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News >  Idaho Voices

Cancer, beware

Relay for Life unites survivors, supporters to raise research funds

Cancer doesn’t sleep, so that’s why Relay for Life events are overnight, often lasting 24 hours or longer.

Friday night, Relay for Life teams will set up their colorful tents around the track at the Post Falls Greyhound Park and Event Center, as they have for many years, to raise money for cancer research, while bringing survivors, supporters and their families together to remember, and even celebrate.

The idea is to have each team have a member on the track at all times. The first lap which kicks off Relay for Life is the survivor’s lap. It’s an emotional journey for survivors and spectators alike.

Maria Stellflug is the captain of team The Bald and the Beautiful. At last year’s Relay, her husband Konlin, then 36, had been diagnosed with Hodgkin’s Lymphoma. Konlin’s cousin, also 36, had non-Hodgkin’s Lymphoma. Both were bald and as Stellflug said, “beautiful.” Both men are in remission this year.

And Stellflug’s mother beat colon cancer.

“They caught it early enough, so treatments were basically on the preventative side,” she said of her mother.

A friend of Stellflug’s, along with her father who had non-Hodgkins Lymphoma, were also on the team last year.

“This year we’re just celebrating,” Maria said. “I imagine we’ll have about 20 on the team. We represent four cancer survivors on our team.”

Sheryl and Curtis Daniels will participate in Relay, their first in North Idaho. The couple moved here in August 2008 after discovering the area on a visit to see Curtis’ stepbrother. Sheryl, 58, is a five-time cancer survivor.

“She’s a trouper,” Curtis Daniels said. “We can enlighten others that get this disease – give them a heads-up on what to expect.”

Married 17 years, Curtis is her biggest fan and vice-versa. Daniels was first diagnosed with breast cancer in 1994 when the couple was living in Ashland, Ore., getting ready to move to Eugene, Ore. When she noticed an indentation on her breast, the doctor in Ashland disregarded it. Once in Eugene, she had a mammogram.

“There was something there,” she said. “It was a slow-growing cancer.”

A quarter of her breast was removed – it had 16 lymph nodes that were cancerous or pre-cancerous. After 33 radiation treatments, the doctors found a lump on the other breast. The diagnosis was invasive ductile carcinoma. The breast had 26 lymph nodes which were cancerous or pre-cancerous. Eventually both breasts were removed.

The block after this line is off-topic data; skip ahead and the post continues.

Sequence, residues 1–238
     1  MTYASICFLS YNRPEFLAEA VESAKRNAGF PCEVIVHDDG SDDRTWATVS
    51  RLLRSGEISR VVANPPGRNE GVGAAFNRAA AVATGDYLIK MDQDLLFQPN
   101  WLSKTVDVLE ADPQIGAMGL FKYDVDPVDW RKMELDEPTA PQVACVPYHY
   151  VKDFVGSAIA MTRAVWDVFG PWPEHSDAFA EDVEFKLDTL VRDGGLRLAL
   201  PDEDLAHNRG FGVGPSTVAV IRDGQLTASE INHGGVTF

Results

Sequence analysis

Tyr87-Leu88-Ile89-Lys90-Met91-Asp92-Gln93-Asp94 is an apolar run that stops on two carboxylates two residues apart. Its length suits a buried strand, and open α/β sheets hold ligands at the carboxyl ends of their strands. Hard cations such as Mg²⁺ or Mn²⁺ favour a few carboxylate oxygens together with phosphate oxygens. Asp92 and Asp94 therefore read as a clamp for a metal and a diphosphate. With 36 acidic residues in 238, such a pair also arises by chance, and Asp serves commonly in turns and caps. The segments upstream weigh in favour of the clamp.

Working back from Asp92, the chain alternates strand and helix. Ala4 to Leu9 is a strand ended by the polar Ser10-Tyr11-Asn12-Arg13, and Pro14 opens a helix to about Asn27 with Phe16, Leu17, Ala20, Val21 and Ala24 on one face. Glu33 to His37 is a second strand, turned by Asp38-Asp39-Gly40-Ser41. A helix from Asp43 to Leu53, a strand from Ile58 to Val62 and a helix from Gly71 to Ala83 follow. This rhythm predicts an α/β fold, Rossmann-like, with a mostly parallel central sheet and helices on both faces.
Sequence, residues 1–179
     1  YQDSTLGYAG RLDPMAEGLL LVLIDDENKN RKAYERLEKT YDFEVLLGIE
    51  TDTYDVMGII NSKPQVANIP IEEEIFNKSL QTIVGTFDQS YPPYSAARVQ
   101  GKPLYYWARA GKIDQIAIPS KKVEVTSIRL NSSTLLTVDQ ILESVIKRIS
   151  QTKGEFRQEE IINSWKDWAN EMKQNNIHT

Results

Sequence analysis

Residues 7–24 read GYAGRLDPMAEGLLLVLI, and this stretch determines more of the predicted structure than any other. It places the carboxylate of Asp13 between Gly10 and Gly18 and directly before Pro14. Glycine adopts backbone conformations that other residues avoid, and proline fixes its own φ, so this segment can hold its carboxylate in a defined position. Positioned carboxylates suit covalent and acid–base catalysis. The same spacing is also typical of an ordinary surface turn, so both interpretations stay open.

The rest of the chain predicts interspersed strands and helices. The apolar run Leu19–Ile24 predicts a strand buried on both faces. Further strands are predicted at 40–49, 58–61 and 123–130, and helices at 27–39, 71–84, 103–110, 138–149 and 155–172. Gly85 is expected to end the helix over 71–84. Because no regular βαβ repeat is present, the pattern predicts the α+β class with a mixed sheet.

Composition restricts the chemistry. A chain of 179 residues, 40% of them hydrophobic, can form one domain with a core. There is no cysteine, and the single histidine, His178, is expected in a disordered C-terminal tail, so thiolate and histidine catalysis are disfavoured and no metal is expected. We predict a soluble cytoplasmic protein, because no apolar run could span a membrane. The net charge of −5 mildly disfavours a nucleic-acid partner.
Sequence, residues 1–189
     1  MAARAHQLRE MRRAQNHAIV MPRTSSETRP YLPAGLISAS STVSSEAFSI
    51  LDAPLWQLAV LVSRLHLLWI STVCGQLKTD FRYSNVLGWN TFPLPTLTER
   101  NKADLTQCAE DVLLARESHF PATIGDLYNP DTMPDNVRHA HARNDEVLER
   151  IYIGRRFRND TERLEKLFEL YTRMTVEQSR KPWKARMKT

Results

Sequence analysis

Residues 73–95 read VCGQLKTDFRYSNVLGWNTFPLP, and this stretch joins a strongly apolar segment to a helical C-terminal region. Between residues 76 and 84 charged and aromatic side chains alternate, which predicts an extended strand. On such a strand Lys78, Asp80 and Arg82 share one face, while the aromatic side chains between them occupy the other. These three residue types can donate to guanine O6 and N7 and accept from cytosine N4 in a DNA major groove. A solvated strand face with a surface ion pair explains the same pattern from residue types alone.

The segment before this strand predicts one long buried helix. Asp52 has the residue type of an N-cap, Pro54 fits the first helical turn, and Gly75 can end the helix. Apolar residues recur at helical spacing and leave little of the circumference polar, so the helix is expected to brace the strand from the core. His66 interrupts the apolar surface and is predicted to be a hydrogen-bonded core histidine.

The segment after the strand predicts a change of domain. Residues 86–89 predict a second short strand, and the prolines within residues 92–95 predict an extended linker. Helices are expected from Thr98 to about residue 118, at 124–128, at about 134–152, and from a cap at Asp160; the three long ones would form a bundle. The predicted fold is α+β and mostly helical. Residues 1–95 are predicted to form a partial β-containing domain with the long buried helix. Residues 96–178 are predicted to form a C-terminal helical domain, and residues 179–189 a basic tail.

Radiation came again, then chemotherapy, which was done in one session.

Keeping their sense of humor and faith intact, Curtis Daniels had a head-shaving party for his wife when she started to lose her hair.

Daniels elected not do have breast reconstruction or implants because it’s difficult to detect new cancer. The couple said they knew other breast cancer patients whose husbands left them after having a mastectomy.

“One of our close friends – her husband packed up and left,” Daniels said.

Although Curtis Daniels has been there for his wife every step of the way, some of their friends and relatives “vanished.”

“They avoided us like the plague and still do to this day,” Curtis said. “Cancer is a real evil thing. Not only does it decimate you physically, but emotionally, too.”

Now, Daniel’s liver is enlarged, with a 1 1/2-inch spot on it. Her doctor is 99 percent sure it’s cancer. She has also had a hysterectomy because cancer had spread to her reproductive organs. All told, she had cancer five times between 1994 and 2000.

Daniels feels good though, and she and her husband are ready to do the Relay. They have a few sponsors so far but hope to get more.

Fred Tyler lost his wife to cancer. This year will mark his 12th year as the captain of the New Life Gatherers. Tyler knows he will have at least eight on his team.

“It was not so much because of my wife, I just do it to help other people,” he said. “I’m really fortunate because I have about 15 different businesses who contribute.”

Nicol Barnes, community relationship manager with the American Cancer Society, Great West Division, said there are several new teams this year. She expects about 50 teams to participate, adding that spectators and guests are welcome.

There will be food vendors, live music, fireworks Friday night, kids’ activities, carnival games and more.

Money raised will go toward research; in 2008 the Great West Division awarded 99 grants totaling $39.5 million. Of that, $2.1 million was awarded to researchers at the University of Idaho. College scholarships for cancer survivors, camp for kids with cancer, advocacy and other programs also are funded.

For more information and a complete listing of events visit coeurdaleneid.
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